Saturday, June 27, 2015

Sectional Terrain: A river will run through it and past some trees

 The river received it's first coat of paint -a bit of tan along the edges then some green and lastly some navy blue in the center.  I use Liquitex craft paints from Dick Blick Art Supply for big projects like this.  It's important to work in small sections (6-8 inches) to ease the blending of the edges.  I like to use a standard paper plate as paint pallet.  They're cheap, the wax covering prevents paint from being absorbed and the raise rim allows you to cover it with plastic wrap to preserve any color you've mixed up for a few days.  Once the paint has dried (approx 48 hrs) I'll pour the epoxy to cover the river in 1/4 inch of the material.  Pouring epoxy if always a bit nerved wracking as once it goes on your done - it's very hard (really impossible) to recover a section from a bad pour.  I use a two part resin called "Magic Water".

 Next is a set of close up shots.  First up is the 2x2 river section.  The "ford" area has an extended sandy section to make it stand out a bit more.  I've also started to dress up the river banks with some scenery materials to make the less bland.

 The left side of the 2x4 river panel.  I added a rocky bluff which will be painted once the grout / white glue "mortar" sets.

 Lastly, the right side of the river.  Sorry for the dark photo - some idiot was standing in from to the lighting (me!)

 I will be adding lots of plants along the rivers edges but have learned to do so after the epoxy sets.  Epoxy has a tendency to creep up edges (about 1/16th of an inch) which looks fine for river banks but doesn't for vegetation so I've learned to add these after it's hardened.  Pictured is my way of making reeds - clip them together as shown, trim off the bottoms and add a thin line of white glue. Once its dried I get two more popsicle stickily them along the top, move the clips up and the cut off the glued section.  I'll get 4 row of reeds out of this batch of material.  I then cut each reed "strip" into sections to glue on the board.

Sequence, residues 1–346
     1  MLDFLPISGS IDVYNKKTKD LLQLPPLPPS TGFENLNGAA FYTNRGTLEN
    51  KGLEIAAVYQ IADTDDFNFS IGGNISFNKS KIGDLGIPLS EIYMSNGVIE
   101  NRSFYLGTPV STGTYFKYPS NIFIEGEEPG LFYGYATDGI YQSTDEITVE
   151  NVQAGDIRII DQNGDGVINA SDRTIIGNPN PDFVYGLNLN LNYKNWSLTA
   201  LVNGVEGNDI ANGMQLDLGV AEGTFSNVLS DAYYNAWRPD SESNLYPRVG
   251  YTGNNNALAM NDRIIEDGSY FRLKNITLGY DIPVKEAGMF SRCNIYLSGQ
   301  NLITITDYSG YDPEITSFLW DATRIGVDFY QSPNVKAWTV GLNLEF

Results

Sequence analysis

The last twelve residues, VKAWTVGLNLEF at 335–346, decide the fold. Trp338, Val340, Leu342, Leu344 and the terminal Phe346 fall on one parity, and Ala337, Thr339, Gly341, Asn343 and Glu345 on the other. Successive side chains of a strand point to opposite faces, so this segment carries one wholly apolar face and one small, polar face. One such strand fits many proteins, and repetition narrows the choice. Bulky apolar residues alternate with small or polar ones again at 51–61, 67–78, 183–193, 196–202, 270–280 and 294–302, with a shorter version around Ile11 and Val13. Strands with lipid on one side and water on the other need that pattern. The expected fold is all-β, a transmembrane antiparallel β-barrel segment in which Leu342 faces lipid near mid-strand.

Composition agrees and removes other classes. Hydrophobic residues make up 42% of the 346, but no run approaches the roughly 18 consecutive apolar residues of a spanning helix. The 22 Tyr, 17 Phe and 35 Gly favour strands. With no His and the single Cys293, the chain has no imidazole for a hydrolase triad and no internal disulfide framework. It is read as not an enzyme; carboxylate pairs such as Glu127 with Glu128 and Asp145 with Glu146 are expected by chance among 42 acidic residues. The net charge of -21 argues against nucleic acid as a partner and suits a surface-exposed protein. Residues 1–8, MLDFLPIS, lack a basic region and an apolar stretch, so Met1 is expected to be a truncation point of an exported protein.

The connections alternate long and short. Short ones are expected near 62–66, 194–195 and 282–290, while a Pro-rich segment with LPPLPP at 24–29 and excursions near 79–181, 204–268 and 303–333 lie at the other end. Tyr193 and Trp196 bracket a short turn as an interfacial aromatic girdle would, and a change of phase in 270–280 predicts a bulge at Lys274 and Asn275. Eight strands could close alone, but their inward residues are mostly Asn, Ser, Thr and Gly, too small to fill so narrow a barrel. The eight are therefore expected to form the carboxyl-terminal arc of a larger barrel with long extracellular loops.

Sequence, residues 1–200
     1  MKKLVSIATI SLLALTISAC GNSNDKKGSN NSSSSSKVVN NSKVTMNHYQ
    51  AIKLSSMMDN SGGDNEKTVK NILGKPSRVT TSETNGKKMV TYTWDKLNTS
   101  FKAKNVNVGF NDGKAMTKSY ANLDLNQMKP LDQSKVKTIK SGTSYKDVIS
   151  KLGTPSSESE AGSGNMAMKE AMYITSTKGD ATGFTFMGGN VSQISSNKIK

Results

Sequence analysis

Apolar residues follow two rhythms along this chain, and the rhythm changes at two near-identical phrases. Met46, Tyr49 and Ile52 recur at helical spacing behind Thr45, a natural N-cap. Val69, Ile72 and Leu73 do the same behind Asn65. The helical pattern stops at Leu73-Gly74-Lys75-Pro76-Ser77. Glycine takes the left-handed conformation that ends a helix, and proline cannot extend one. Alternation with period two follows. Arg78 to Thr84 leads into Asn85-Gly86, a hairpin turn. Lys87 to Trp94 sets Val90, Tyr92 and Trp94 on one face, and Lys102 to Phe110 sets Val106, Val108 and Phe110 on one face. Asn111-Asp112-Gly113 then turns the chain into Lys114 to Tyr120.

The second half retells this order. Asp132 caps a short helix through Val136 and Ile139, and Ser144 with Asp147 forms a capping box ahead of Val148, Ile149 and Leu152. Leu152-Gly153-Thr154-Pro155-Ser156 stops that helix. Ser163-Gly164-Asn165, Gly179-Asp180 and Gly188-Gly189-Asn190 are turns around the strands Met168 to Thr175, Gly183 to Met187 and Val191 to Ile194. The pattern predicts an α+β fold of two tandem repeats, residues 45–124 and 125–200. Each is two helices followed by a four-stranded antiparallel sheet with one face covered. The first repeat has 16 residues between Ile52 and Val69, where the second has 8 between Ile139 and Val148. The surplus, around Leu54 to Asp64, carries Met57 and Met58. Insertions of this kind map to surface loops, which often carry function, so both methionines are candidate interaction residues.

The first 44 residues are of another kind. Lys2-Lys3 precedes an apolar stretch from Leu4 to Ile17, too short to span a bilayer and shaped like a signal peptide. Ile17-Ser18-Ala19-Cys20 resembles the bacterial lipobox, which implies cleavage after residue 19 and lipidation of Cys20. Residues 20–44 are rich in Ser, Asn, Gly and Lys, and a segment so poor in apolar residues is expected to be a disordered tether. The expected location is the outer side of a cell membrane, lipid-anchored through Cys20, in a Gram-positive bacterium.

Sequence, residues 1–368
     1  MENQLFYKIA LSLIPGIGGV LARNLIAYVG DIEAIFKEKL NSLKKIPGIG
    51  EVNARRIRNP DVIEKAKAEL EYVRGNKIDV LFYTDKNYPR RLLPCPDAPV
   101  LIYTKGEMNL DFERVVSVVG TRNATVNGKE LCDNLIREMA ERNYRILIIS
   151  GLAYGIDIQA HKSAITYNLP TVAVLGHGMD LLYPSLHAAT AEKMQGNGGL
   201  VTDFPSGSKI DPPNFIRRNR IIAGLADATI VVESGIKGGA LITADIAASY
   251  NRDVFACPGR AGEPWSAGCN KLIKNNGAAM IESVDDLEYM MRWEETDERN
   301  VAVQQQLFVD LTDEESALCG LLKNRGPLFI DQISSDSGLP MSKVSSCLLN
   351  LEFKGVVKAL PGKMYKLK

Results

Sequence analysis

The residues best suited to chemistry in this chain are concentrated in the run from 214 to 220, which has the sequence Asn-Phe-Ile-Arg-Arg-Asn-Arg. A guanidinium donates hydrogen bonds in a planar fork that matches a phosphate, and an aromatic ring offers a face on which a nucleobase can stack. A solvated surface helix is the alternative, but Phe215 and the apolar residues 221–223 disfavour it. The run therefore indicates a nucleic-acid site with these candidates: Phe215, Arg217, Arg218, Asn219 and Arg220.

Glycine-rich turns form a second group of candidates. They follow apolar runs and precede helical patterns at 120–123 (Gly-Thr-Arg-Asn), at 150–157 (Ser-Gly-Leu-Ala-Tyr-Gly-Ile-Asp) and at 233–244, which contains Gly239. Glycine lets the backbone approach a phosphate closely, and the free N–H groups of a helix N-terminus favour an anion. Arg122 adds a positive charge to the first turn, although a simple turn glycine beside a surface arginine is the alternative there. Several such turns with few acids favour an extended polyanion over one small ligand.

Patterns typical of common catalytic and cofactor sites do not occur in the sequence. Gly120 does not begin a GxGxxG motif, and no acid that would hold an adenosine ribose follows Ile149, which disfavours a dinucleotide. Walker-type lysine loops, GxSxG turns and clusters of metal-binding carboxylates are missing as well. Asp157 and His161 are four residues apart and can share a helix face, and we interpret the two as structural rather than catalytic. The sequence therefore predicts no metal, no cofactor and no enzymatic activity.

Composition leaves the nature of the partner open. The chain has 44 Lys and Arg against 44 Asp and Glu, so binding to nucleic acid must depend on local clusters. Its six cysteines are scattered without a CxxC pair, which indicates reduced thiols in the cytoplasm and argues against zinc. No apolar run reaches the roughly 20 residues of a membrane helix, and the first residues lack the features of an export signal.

As an aside, I did use some "drying" time to assemble and paint two packages of the new Renedra cross and rail fencing.  It's a fantastic product (each package provides 18" of fencing in 4, 4.5 inch sections.


 There is a decision to make on the fords - should I add rocks or not.  I made some simple "boulders" out of pink foam scrap and placed them in the fords - remember they will by surrounded by 1/4 inch of epoxy so will not appear to standout as much.  A few of the rocks will even be submerged.

What do you think - please add a comment if you either like them or don't.

 Another shot of the ford on the big river board.

 Here's the potential ford on the smaller board






Next up are some forrest plates.  I had a single piece of 2x4 hardboard in the shop which I needed to use for both my naval game terrain (the larger pieces) and to make forrest plates (smaller, rounder pieces) - I didn't waste much of the material:



Work stopped late last night.  The forrest plates have had the tree stands attached and have been covered in the grout/white glue mixture.  once that dries - the sections will have some nice texture that is literally rock hard.  I went out into the yard and grabbed some twigs to use as fallen logs.  The tree's will not be glue as I want players to be able to remove them to facilitate play and also for transport.  I'm using the standard Woodland Scenics ready made trees.

Some of the tree plates have some scenery materials - these are older versions that I'm redoing.

Also pictured is the scenery fro the naval game (the pieces with exposed pink foam "hills").  Those will get done over the next few days.

Whew- that's a lot of progress but I need to get cracking as I've really only got next week to get all this done for Historicon as I've got a business trip out to SF the following week!  I still have to start the roads!





3 comments:

Tom Young said...

Very nice work!!

Tom

paulalba said...

This is lovely to see, hard to imagine how to do this kind of stuff without seeing how others do it, thanks!!!

Stefan (aka. Monty) said...

Wonderful progress.